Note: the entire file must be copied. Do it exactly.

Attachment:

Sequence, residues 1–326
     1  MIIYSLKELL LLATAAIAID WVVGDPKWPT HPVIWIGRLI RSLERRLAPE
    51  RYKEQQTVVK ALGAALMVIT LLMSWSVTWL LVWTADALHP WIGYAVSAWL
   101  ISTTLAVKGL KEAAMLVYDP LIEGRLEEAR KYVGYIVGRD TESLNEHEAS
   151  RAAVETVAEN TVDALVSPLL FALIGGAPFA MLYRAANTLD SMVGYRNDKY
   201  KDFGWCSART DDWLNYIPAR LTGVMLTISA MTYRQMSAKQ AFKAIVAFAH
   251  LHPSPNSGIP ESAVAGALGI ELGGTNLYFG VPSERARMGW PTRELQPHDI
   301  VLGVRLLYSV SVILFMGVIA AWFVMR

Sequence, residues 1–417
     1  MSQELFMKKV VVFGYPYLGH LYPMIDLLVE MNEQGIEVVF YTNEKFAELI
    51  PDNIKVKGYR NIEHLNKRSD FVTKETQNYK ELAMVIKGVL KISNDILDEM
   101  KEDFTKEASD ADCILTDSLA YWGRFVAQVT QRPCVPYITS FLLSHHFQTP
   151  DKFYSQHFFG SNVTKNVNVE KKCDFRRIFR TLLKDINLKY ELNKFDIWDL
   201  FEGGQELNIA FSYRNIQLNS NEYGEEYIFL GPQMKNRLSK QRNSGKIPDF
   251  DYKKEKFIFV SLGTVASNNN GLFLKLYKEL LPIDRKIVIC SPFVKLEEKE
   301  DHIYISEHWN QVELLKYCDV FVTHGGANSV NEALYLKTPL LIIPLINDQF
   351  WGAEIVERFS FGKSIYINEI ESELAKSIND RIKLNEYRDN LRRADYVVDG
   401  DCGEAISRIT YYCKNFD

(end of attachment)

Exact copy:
Sequence, residues 1–326
     1  MIIYSLKELL LLATAAIAID WVVGDPKWPT HPVIWIGRLI RSLERRLAPE
    51  RYKEQQTVVK ALGAALMVIT LLMSWSVTWL LVWTADALHP WIGYAVSAWL
   101  ISTTLAVKGL KEAAMLVYDP LIEGRLEEAR KYVGYIVGRD TESLNEHEAS
   151  RAAVETVAEN TVDALVSPLL FALIGGAPFA MLYRAANTLD SMVGYRNDKY
   201  KDFGWCSART DDWLNYIPAR LTGVMLTISA MTYRQMSAKQ AFKAIVAFAH
   251  LHPSPNSGIP ESAVAGALGI ELGGTNLYFG VPSERARMGW PTRELQPHDI
   301  VLGVRLLYSV SVILFMGVIA AWFVMR

Sequence, residues 1–417
     1  MSQELFMKKV VVFGYPYLGH LYPMIDLLVE MNEQGIEVVF YTNEKFAELI
    51  PDNIKVKGYR NIEHLNKRSD FVTKETQNYK ELAMVIKGVL KISNDILDEM
   101  KEDFTKEASD ADCILTDSLA YWGRFVAQVT QRPCVPYITS FLLSHHFQTP
   151  DKFYSQHFFG SNVTKNVNVE KKCDFRRIFR TLLKDINLKY ELNKFDIWDL
   201  FEGGQELNIA FSYRNIQLNS NEYGEEYIFL GPQMKNRLSK QRNSGKIPDF
   251  DYKKEKFIFV SLGTVASNNN GLFLKLYKEL LPIDRKIVIC SPFVKLEEKE
   301  DHIYISEHWN QVELLKYCDV FVTHGGANSV NEALYLKTPL LIIPLINDQF
   351  WGAEIVERFS FGKSIYINEI ESELAKSIND RIKLNEYRDN LRRADYVVDG
   401  DCGEAISRIT YYCKNFD